seer with crystal ball

Science fiction is my favorite genre to read. For one thing, a writer can deal with ethical, moral, and culture issues that often are too touchy to take on in a standard literary form. But more interestingly, science fiction writers must study today’s science and predict the future. 

In an essay titled “Futuristics,” Isaac Asimov pointed out that the obvious prediction is not the most interesting one. It was easy to predict the automobile; what was difficult to predict was the traffic jam. It was easy to predict radio; what was difficult was the soap opera. It was easy to predict the income tax; what was difficult was the expense account. Equally, it was easy to predict the cell phone—Dick Tracy had his wrist radio back in the 1930s—but what was difficult to predict is that users would become so attached to them that they would step into traffic or allow their cars to drift out of control….
Science fiction might well be considered the literature of unanticipated consequences….In fact, to write an effective science-fiction story, all you need is something that the world thinks is an unmitigated boon and to focus on the unforeseen problems that it might create. -Science Fiction Imagines the Digital Future by James Gunn in Analog Science Fiction and Fact magazine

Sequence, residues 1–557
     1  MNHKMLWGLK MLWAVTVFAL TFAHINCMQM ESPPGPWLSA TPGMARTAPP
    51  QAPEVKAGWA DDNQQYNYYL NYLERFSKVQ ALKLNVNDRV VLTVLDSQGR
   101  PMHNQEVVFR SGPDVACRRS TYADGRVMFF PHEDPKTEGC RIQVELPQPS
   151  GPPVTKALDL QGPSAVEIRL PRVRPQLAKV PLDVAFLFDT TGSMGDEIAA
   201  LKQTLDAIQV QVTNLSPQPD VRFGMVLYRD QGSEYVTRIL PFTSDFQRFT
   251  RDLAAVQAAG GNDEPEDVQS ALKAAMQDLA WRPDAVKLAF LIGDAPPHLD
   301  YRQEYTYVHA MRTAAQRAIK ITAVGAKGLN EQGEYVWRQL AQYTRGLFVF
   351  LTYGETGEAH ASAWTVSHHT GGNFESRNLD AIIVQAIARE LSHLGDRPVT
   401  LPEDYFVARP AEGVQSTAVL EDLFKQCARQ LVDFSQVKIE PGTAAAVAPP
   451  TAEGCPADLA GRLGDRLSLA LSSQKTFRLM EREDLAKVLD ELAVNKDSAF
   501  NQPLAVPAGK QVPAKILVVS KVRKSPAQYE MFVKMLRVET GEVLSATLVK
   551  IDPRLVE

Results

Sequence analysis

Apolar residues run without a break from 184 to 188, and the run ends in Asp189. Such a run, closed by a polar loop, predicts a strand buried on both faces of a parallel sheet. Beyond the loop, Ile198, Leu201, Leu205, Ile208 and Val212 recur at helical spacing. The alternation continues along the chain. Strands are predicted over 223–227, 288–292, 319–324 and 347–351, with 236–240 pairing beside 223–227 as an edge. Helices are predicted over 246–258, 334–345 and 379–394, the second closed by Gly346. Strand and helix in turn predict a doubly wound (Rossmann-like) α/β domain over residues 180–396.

Writing Prompt: Go to your favorite news site, read a science story, predict an unanticipated consequence that will happen if that science is developed, and write a story about it.

Journaling Prompt: Do you read science fiction? Why or why not?

Art Prompt: Science

Nonfiction / Speech Writing Prompt: Write about an invention in your lifetime that has had unexpected consequences.

Photo Credit: Kraetzsche (busy) on Flickr

6 Responses to Prompt #109 Unexpected Consequences

  1. Myne Whitman says:

    I enjoy science fiction though I’ve never tried my hand at it.

    BTW, I just gave you the versatile blogger award in my latest post. Check it out and please pass it on.
    Myne Whitman recently posted..Blog awards still make my heart smileMy Profile

  2. That’s one of the reasons I write science fiction, to explore the things people accept without even thinking about them.
    Sue Ann Bowling recently posted..I Have Awards!My Profile

  3. zencherry says:

    Oh now I’m a long-time fan of Isaac Asimov. Sci-fi? I’m there with bells on.
    I love the Jules Verne mindset that allows new inventions to take form, (even subliminally), creating future wonders to behold.
    Such a diverse, wonderful genre. I’m with you on this one. 😀

    • Liz says:

      I am so grateful that my dad introduced me to Asimov, Verne, and all their friends. I meet a lot of people who look down on sci fi. They have no idea what they are missing.

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